has/have/had are being used as auxiliary verbs or linking verbs. For example,

With a yelp, the boys were pushing for first place at the door.
(The Bridge to Terabithia)

Here, the form of “to be” (were) is smack up against another verb, so it looks like an
auxiliary verb, which it is. On the other hand, in this sentence,
Somehow the plane was still flying.(Hatchet)

The adverb “still” comes between “was” and “flying.” To figure out the role of “was”
in this example, we need to decide if “flying” is being used as an adjective to modify
plane, or if “was flying” is telling us what the plane was doing. In this case, it’s the
latter. But look at this sentence:

By the time they got back to the baseball room, they were nearly frozen.(Maniac

Again, there’s an adverb between “they” and “frozen.” This time, however, “frozen”
is a predicate adjective that describes “they.” “Were” is therefore a linking, not an
auxiliary, verb.

Technically, “frozen” is a participle, but you really don’t have to teach that or any
of the other verbals for kids to understand the difference between auxiliary and
linking verbs. You can open that can of worms when you introduce phrases.


We teach verbs in their many forms and tenses so that students will use them
properly in their own writing. We know that many do not. In particular, students in
the middle grades struggle with maintaining a consistent tense throughout a piece of
writing, or even within a paragraph. Learning the various verb forms and tenses is the
first step to correcting this problem, but students will not automatically make the
leap to using them properly. The middle step, analyzing how skilled writers make
choices with verbs, is the bridge to better student writing.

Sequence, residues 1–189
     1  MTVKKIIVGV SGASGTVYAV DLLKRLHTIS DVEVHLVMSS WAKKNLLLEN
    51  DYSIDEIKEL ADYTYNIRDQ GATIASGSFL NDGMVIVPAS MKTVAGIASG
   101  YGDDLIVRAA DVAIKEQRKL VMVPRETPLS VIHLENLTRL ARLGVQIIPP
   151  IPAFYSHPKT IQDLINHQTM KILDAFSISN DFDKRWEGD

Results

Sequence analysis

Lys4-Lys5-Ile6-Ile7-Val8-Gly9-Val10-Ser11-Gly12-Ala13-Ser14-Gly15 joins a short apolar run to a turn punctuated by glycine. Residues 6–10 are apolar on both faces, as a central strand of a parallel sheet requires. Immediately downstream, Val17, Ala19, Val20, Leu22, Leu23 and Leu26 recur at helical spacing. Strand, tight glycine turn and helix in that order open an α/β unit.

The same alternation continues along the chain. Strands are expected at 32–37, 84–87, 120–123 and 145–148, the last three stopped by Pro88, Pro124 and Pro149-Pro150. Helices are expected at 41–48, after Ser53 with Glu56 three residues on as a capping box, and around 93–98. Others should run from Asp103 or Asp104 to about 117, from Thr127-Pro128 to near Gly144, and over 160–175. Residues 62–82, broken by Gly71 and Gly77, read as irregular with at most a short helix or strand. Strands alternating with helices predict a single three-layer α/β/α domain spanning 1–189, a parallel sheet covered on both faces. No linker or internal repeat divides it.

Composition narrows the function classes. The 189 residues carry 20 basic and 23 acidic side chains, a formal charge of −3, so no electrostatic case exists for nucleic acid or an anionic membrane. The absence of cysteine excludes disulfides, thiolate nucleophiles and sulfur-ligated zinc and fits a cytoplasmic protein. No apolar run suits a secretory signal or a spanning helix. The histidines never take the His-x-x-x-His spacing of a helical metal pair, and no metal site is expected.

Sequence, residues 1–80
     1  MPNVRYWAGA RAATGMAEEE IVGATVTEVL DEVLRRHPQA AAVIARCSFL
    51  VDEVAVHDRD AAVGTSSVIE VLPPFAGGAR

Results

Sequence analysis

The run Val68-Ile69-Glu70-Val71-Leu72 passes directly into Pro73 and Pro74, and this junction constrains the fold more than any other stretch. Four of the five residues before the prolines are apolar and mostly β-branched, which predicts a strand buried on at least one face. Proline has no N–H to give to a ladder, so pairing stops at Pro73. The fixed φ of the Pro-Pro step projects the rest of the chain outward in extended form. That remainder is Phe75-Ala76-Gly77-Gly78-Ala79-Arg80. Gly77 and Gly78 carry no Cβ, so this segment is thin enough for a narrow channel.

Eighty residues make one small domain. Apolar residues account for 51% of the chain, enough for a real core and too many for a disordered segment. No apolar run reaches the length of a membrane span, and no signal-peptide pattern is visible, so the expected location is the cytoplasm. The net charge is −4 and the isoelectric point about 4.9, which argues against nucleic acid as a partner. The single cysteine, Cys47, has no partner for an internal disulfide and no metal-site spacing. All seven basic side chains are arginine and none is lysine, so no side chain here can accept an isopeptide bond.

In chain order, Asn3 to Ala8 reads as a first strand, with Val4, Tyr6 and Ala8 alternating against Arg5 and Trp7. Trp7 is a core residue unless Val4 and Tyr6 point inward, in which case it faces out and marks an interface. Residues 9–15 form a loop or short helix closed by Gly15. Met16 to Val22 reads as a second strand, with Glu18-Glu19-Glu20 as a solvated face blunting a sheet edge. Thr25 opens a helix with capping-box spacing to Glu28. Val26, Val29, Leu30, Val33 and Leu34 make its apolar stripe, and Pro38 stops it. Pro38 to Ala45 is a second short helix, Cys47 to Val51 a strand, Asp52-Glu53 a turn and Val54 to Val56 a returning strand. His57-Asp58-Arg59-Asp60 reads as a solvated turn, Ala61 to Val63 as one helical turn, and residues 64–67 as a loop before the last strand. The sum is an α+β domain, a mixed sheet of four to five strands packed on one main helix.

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guide for teachers Grammar and Usage


Prepositions are at the foundation of a democratic society. Without them, there

would be no government of the people, for the people, and by the people. That’s
because prepositions have the important job of communicating at what time, in what
place, or by what means things happen. English had hundreds of these special words,
but we tend to use only about 50 on a regular basis. And here they are:

About, above, across, After, before, during, By, except, for, from,
against, around, at, since, till, until like, of, with, without
behind, below, beneath,
beside, between, beyond,
down, in, inside, into,
near, off, on, out, outside,
over, through,
throughout, to, toward,
under, up, upon

Obviously, some of these do double duty. We might say “He passed a note through
the open window,” or “He passed the test through sheer luck.” In the first example,
through indicates place, while in the second it denotes means. What’s important is for
students to be able to recognize these little guys in a sentence. To that end, there
really is no substitute for having students memorize the most common prepositions,
just as we require them to memorize the multiplication table.

The only rule to know about prepositions is that they must take an object. Otherwise,
the very same word becomes an adverb (or occasionally an adjective). One of the
words on the preposition list can even be a verb, so look carefully at these two

There’s no money (a)inside, but there (b)is a plastic ID card, and (c)on the plastic ID
card is a lady’s name. (Freak the Mighty)